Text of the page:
PARTICIPATORY Ecology Land Use Management say governments should aim to implement policies that will help farmers develop while noting that small scale farmers have the potential to bring about development in rural areas. PARTICIPATORY Ecology Land Use Management (PELUM) has called on governments in developing countries to critically look into the plight of small scale farmers.
Speaking at the just ended symposium for small scale farmers in Eastern and Southern Africa, PELUM Association chairperson Charles Nyakora Onyango said governments should aim to implement policies that will help farmers develop.
He said small scale farmers have the potential to bring about development in rural areas.
“We call upon government to look into developing small scale farmers because farmers are the cornerstone of any economy and must become the cornerstone of sustainable rural development,” Mr. Onyango said. “Small scale farmers are an integral part of the global and harmonized development process of each nation.”
Mr. Onyango said if farmers are fully developed, there would be no need of using Genetically Modified Organisms (GMOs) in order to achieve food security in the country.
He also noted that GMOs have a negative impact on the development of the small scale farmers in the region.
“As PELUM we continue to say no to the use of GMOs in order to safe guard the interest of the farmers in terms of seed security and sustainability,’’ Mr. Onyango said. “However, we strongly believe that the use of our own indigenous seed and management of production system ecology will contribute immensely towards improving food security in Africa.”
Meanwhile, Rural Small Scale Farmer’s chairperson Dorcas Shonga appealed to government to prevent land allocations meant for agriculture to foreigners in the name of investment.
She said doing this lowers farmers’ capacity in growing more agricultural produce as well as their capacity to make more money.
PELUM started with a membership of 25 organisation to date the member has grown to 258 Civil Society Organizations working on sustainable rural development in Eastern, Central and Southern Africa. These countries include Uganda, Tanzania, Rwanda, Zambia, Zimbabwe, Botswana, Malawi, South Africa, Lesotho, Swaziland and Ethiopia
FIFA GRASSROOTS PROJECT DUE FOR TAKE OFF
The Ministry of Sports and FAZ has laid the ground for FIFA spearheaded grassroots project for youth development.
Ministry of Sports Permanent Secretary Agness Musunga said the project will be under the wings of the Ministry of Education and will target youth from eight years going upwards.
The tripartite agreement will be signed next Wednesday and will formalize the commitment of the parties to work together to implement the FIFA Grassroots Project from 2017-2020.
“The FIFA Grassroots project will cover three parties which is Ministry of Education, Sports and FAZ,” she said.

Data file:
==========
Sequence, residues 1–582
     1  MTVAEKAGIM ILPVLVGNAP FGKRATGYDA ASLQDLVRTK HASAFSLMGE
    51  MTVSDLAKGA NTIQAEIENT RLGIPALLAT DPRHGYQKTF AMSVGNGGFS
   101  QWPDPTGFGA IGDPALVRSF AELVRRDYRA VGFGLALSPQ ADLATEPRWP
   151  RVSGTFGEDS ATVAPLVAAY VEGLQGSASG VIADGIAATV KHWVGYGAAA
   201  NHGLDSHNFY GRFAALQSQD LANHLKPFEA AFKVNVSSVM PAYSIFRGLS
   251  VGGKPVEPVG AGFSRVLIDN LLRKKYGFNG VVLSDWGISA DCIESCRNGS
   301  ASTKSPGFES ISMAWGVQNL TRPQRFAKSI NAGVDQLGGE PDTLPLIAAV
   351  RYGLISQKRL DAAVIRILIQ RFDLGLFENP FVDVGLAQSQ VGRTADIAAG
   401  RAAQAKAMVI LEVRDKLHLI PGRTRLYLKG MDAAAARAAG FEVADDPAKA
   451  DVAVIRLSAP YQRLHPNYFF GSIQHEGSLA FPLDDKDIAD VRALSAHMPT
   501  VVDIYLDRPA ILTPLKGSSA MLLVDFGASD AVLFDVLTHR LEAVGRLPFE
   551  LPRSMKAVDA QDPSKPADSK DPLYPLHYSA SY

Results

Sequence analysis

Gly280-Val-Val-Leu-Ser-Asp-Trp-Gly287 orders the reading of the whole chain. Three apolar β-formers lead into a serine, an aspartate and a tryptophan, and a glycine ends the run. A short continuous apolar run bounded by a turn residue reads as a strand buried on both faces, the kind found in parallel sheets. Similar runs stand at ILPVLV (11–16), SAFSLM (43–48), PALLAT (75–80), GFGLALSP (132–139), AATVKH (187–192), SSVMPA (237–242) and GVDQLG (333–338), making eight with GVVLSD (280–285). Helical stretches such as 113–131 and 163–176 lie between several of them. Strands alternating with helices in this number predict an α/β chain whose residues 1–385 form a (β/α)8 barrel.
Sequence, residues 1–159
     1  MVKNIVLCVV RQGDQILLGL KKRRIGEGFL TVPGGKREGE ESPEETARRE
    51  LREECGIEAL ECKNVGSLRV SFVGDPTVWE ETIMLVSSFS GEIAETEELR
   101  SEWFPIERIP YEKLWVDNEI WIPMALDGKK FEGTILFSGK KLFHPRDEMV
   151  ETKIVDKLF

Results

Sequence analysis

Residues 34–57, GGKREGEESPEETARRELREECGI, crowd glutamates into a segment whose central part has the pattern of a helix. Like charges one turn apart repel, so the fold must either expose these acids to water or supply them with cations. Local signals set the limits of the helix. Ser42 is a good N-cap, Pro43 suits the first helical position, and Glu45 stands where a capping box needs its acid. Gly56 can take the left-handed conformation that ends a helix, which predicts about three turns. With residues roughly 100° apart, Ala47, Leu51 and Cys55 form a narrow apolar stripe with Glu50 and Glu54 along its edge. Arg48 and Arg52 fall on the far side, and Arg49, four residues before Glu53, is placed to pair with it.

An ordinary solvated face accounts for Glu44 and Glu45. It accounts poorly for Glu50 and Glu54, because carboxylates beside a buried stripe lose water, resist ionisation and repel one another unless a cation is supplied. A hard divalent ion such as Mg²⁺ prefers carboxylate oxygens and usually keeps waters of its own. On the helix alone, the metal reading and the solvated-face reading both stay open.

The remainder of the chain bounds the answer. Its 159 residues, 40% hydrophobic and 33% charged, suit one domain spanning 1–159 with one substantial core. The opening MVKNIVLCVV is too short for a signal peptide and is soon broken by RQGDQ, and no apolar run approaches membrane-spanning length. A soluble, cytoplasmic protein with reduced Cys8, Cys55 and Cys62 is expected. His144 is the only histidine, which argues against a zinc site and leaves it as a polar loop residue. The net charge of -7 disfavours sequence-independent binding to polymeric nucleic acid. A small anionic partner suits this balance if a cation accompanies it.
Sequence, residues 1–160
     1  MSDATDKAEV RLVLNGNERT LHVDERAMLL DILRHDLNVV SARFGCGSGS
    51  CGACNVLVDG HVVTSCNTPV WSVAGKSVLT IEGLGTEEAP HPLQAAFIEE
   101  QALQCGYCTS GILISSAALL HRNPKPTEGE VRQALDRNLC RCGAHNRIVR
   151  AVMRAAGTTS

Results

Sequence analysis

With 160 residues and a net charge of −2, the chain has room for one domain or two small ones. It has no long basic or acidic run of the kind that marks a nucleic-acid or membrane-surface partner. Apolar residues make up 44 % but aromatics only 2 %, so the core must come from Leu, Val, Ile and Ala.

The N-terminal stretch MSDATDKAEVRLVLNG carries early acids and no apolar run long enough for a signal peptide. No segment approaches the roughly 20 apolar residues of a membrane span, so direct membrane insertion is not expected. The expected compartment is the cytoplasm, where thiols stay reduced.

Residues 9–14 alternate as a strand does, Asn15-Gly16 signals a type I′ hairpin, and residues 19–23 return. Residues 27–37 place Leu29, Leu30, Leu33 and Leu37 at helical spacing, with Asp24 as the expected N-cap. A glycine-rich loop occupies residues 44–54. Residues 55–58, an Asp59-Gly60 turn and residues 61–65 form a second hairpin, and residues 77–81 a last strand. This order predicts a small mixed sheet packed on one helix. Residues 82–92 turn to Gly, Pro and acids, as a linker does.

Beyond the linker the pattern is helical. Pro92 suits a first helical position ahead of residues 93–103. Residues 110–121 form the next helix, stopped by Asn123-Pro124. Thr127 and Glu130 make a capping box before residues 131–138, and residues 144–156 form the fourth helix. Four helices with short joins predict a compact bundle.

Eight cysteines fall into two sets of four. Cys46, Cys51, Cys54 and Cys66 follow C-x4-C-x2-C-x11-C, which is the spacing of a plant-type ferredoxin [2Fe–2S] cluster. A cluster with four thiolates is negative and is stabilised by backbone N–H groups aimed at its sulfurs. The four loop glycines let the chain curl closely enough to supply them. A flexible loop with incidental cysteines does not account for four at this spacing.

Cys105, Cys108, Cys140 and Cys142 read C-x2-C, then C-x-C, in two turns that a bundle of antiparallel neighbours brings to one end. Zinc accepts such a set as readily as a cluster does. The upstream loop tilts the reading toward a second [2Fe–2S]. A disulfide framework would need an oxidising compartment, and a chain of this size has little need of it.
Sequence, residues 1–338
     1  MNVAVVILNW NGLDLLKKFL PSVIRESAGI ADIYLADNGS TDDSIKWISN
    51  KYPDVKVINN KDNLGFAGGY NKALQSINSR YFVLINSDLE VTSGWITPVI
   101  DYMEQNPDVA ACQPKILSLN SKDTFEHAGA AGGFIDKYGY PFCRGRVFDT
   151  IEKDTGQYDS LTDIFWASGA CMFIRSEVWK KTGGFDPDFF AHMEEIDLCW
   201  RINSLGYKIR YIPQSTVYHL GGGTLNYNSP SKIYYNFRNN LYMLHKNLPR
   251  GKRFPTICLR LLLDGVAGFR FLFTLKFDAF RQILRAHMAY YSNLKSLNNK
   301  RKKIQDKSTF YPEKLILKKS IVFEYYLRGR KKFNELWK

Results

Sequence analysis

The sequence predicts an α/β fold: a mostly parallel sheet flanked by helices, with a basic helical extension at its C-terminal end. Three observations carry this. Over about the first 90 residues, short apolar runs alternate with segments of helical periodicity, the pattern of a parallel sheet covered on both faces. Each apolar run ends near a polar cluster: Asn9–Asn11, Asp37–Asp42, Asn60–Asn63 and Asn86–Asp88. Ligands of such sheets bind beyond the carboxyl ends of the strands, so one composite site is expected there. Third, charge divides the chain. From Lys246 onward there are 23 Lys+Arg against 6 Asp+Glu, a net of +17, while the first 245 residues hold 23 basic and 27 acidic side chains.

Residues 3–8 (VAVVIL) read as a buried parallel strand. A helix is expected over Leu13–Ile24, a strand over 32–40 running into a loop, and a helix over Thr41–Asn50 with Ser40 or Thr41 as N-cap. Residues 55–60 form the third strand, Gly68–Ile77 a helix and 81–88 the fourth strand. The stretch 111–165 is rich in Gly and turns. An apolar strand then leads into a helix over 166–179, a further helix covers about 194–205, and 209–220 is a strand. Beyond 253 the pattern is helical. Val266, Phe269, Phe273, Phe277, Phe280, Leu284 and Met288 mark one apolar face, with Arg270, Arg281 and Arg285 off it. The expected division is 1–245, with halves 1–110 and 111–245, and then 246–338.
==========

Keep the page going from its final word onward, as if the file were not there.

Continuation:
And FAZ General Secretary Ponga Liwewe said that the project will enhance the development of football.
Liwewe said the move was part of the wider goal of FAZ to develop youth football.
FAZ president Andrew Kamanga put youth football on top of his developmental agenda pinning it among his three key areas that involved league restructuring, referees education and youth football on top of his transparency gospel.
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FIFA RESPONDS TO FAZ COMPLAINT ON NIGERIA APPEAL
FIFA has put a close to the debate around the complaint lodged by the Football Association of Zambia (FAZ) over an Augustine Mulenga disallowed goal in the 1-0 loss against Nigeria in a Russia 2018 World Cup qualifier on October 7.
The World soccer governing body has ruled that it would not act on the complaint as per their regulations there was no evidence of external influence or manipulation.
According to a letter signed by Disciplinary Committee vice chairperson Julien Deux, dated October 17, 2017 there could be no action as guided by article 5.6 of the FIFA regulations the referee’s decision is final.
“In this context, we refer your association to article 15 par 6, of the regulations of the 2018 FIFA World Cup Russia, which clearly stipulates that no protests may be made about the referee’s decisions regarding facts connected with play. Such decisions are final and not subject to appeal,” stated the letter.
“Having said that, and for the sake of good order, we would like to emphasize that on the basis of the documentation and information currently in our possession, there is no evidence of any infringement of the applicable regulations by the referees of the match in question.”
The Football Association of Zambia (FAZ) filed a complaint with FIFA seeking an independent review of the match officiated by Botswana referee Joshua Bondo.
There was widespread outcry for FAZ to appeal to FIFA over the disallowed goal with parallels drawn with other situations where the world soccer governing body had ordered replays.
FAZ president Andrew Kamanga had told journalists on the permutations of the outcome when journalists pressed him in the aftermath of the match in Uyo.
“But the rules being what they are you cannot overturn the decision of the referee,” Kamanga said.
“The only basis is when there was external influence. So the referee maybe carpeted for making a wrong decision but the decision still stands and unfortunately that is where we stand.”
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